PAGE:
September 20, 2016

Thomas Hogan

   Like many others who were recruited in New Orleans to fight for Texas independence, Thomas Hogan arrived at Velasco January 28, 1836, on the schooner Pennsylvania. He officially enlisted on February 13, 1836, for a period of two years, and began his service as a private in Amasa Turner's Company. He fought at the Battle of San Jacinto and afterward was transferred to Captain John Smith's Company. While stationed on Galveston Island, Thomas died of unknown causes on August 1, 1837 and buried in Houston.

Note: Unmarked. Founders Memorial Park, originally founded in 1836 as Houston's first city cemetery, was rapidly filled due to a yellow fever epidemic and closed to further burials around 1840. The cemetery became neglected over a period of time, often vandalized and was heavily damaged by the 1900 hurricane. In 1936, despite a massive clean up effort, a century of neglect had taken its toll. The vast majority of grave markers were either destroyed or missing and poor record keeping prevented locating individual graves. Several cenotaphs were placed in random areas throughout the park in honor of the more high-profile citizens buried there, but a great number of graves go unmarked to this day. Thomas Hogan's is one of them. There is a Thomas M. Hogan buried here with a marked grave, but it is not the same person.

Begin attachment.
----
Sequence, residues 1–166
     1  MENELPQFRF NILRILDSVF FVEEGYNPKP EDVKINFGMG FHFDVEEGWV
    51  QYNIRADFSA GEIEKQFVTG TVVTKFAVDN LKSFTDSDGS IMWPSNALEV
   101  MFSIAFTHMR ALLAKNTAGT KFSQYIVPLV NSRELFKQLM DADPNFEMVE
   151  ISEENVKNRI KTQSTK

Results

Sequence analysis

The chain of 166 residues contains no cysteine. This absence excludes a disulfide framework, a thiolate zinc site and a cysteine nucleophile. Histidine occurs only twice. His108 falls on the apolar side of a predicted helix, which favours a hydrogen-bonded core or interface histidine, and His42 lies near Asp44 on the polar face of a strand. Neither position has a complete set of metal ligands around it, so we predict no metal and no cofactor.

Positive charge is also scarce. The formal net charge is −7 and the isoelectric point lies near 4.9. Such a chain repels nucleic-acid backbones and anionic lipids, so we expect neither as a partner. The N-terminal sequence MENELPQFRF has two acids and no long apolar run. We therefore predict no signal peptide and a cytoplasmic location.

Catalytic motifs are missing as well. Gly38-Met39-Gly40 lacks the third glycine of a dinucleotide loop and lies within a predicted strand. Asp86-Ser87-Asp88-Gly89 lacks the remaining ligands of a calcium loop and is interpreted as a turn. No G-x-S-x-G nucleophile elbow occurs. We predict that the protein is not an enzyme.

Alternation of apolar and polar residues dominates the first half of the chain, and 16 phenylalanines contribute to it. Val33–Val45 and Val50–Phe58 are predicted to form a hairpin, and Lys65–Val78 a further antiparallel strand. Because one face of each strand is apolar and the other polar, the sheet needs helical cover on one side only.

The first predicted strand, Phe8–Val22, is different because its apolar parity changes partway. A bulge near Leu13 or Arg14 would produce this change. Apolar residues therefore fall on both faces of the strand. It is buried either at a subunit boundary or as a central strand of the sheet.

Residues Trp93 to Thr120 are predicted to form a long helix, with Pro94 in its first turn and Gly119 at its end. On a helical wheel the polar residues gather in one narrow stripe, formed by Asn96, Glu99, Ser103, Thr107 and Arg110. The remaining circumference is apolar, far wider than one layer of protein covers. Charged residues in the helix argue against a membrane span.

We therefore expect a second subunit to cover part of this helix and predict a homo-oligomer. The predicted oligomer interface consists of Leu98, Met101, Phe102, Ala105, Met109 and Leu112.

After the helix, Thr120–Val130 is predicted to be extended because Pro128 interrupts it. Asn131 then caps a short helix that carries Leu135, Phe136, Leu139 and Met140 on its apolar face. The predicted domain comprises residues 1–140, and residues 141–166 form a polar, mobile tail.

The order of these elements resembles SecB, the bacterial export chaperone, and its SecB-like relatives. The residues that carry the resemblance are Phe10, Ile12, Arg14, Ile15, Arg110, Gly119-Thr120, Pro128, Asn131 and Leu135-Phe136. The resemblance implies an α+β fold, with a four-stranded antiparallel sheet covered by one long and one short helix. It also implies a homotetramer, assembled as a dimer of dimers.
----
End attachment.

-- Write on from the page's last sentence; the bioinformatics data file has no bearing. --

Founders Memorial Park

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